I told you that Universal Display
Shares of the next-generation display and lighting technologist opened 12% lower after reporting first-quarter results. At the peak of the after-hours panic, the stock suffered a 17% haircut. That's not the kind of surprise most investors like to get with their morning coffee.
The reason for this plunge is simple: Universal Display didn't even come close to Wall Street's consensus targets of $0.04 in net income per share on revenue $16.4 million. We shareholders had to settle for a $0.03 loss per share on sales of just $12.6 million.
But wait a minute before you hit that "sell" button. Universal Display is doing much better than this morning's market action would have you believe.
Mind the gap in these GAAP numbers
First off, some analysts may have banked on license payments from megacustomer Samsung this quarter. Management did warn that these very substantial payments are due in the second and fourth quarters of every year with no impact on the first and third periods, but analysts are still free to model smoothed-out non-GAAP sales if they want to.
So let's run that kind of model as a thought experiment. Half of next quarter's $15 million check would amount to another $7.5 million on the top line. After backing out 20% of that sum to account for South Korean tax payments and pass-on license payments to Universal Display's research partners, you'd see an additional $6 million trickling down to a non-GAAP bottom line. On that heavily adjusted basis, you'd get positive earnings of roughly $0.10 per share.
If you do all of that, you'd also have to reduce next quarter's results by the same amounts that you added to this quarter. These ultra-lumpy GAAP results are full of pitfalls for those who construct quarterly models to estimate what's coming next. It's often better not to play these games at all and just keep your eye on the long-term health of the company.
The word on the Street
That is indeed what many analysts are doing this morning. Goldman Sachs says you should buy Universal Display on this dip, since the long-term business opportunity far outshines short-term weakness. KeyBanc agrees, expecting catalysts swinging the other way over the summer to repair this temporary damage.
In a fresh note to clients, John Bright of Avondale Partners digs deeper. "We continue to believe upside exists given increasing OLED product launches and the potential for increased production from manufacturers such as LG Display
LG is gearing up to produce 55-inch OLED television sets in the back half of 2012 right alongside Samsung. AU aims for smaller screens, hoping to become an alternative supplier in Samsung's enormous shadow to smartphone builders such as Nokia
Hendi Susanto of Gabelli & Company expressed his disagreement with "the negative market reaction" in a note to clients. The first quarter is the seasonal low point of consumer electronics sales, so there was no reason to believe that revenues would be massive here. The Samsung royalties are beefier than expected, and the projected OLED growth across Universal's major customers adds up to "potential upside exceeding top line guidance." Oh, and there's a 26% short interest hanging over the stock -- a short-squeeze bounce from these super-cheap prices could be brutal to the bears.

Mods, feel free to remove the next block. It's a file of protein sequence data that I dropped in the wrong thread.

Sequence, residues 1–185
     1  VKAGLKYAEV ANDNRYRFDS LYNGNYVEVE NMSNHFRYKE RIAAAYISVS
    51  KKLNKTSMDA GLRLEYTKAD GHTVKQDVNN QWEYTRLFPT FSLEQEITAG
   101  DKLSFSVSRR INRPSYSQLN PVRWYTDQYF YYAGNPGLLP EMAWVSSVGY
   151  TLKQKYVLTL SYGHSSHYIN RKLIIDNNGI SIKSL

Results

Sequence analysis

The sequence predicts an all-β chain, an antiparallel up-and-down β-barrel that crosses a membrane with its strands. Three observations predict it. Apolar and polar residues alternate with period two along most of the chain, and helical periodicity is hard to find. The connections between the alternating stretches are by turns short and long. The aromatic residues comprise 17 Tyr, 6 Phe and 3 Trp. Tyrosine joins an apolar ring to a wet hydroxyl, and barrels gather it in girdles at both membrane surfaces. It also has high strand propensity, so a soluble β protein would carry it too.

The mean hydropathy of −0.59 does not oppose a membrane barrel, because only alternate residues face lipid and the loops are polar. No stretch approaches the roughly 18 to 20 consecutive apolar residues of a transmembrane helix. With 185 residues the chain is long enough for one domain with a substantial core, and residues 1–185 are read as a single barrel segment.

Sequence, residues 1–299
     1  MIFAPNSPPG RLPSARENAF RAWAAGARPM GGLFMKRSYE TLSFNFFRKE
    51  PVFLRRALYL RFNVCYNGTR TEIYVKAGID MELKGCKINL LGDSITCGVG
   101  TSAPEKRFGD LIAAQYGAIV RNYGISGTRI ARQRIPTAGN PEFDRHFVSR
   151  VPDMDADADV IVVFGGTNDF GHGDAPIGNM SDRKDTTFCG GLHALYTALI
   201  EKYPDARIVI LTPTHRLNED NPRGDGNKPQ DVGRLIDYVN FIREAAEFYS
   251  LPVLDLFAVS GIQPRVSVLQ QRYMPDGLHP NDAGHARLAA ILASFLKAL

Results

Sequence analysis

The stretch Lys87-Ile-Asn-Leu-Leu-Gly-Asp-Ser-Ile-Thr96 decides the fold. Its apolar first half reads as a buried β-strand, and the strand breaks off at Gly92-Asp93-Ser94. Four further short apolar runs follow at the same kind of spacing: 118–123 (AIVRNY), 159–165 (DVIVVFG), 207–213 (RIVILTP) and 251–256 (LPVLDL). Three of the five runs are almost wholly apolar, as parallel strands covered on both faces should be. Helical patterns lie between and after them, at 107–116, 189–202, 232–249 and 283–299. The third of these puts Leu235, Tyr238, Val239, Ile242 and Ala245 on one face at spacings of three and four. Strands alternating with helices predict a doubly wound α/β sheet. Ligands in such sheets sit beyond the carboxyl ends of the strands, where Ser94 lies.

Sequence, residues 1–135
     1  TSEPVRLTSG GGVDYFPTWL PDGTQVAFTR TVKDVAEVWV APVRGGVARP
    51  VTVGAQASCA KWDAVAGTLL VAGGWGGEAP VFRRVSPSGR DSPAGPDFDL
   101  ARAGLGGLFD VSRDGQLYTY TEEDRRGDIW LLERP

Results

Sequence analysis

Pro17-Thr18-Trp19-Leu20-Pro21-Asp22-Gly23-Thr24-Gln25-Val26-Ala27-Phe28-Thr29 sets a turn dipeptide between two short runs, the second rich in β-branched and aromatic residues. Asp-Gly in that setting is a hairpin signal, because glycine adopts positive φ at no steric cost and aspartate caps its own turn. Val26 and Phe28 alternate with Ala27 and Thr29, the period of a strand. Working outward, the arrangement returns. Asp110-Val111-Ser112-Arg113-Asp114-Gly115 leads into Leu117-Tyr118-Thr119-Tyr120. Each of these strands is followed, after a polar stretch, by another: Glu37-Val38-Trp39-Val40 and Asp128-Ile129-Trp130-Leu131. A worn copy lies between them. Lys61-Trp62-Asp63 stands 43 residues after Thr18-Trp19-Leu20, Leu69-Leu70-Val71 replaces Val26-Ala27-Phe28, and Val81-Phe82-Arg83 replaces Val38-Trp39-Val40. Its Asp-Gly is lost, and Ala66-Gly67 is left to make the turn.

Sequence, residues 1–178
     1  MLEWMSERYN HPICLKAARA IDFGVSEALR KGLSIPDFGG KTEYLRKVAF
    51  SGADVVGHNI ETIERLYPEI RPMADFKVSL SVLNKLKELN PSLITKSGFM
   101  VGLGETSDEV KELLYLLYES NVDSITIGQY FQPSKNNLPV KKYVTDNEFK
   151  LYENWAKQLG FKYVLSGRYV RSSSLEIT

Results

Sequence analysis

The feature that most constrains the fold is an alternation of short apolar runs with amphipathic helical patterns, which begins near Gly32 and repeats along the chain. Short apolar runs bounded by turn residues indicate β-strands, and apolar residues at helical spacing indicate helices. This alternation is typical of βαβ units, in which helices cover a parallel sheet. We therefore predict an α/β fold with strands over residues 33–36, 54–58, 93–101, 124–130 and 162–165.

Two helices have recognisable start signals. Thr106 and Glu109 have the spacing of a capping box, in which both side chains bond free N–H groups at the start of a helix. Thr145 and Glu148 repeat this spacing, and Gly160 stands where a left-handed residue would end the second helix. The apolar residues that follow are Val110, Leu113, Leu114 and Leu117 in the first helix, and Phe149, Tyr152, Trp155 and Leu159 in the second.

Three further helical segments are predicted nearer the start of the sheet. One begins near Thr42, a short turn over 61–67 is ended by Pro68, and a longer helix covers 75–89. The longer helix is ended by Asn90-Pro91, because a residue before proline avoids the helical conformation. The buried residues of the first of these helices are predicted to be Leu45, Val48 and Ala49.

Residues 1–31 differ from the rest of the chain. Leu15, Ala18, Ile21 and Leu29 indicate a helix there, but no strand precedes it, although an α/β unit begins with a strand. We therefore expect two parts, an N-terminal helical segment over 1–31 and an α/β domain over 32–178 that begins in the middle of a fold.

Importantly, both Bright and Susanto (and many others) note that Universal Display did not reduce its full-year revenue guidance on these seemingly disappointing first-quarter figures. Not only will $30 million of Samsung's license payments drop in before the year ends, but the consumer electronics market is also notoriously seasonal, with most of the action falling at the back half of the year. Bright says the $90 million floor of 2012 sales guidance "is easily achievable" under conservative estimates, and the upper end of $110 million "could be beat" given the seasonal trends.
Time to take action
I couldn't find a single negative analyst note on Universal Display this morning. We often poke some fun at analysts here at the Fool, but it's still hard to ignore a chorus of professionals all owning up to overestimating this quarter but still sticking to their long-term guns.
It's even harder when I did exactly the same thing myself.
Universal Display doubled its sales from 2009 to 2010 and then again in 2011 -- and guidance still points to a near double in 2012. Other than running the research labs, the company is nearly free of fixed overhead costs, so profits should scale up very quickly as the sales ramp up.
So I'm in this stock for the long haul and would be buying on this dip if my portfolio didn't already have a full allocation of Universal Display. Crazy deals like this are the very reason you should keep Universal Display and other volatile growth stocks on your Foolish Watchlist -- there's no better time to buy than when the market panics over nothing.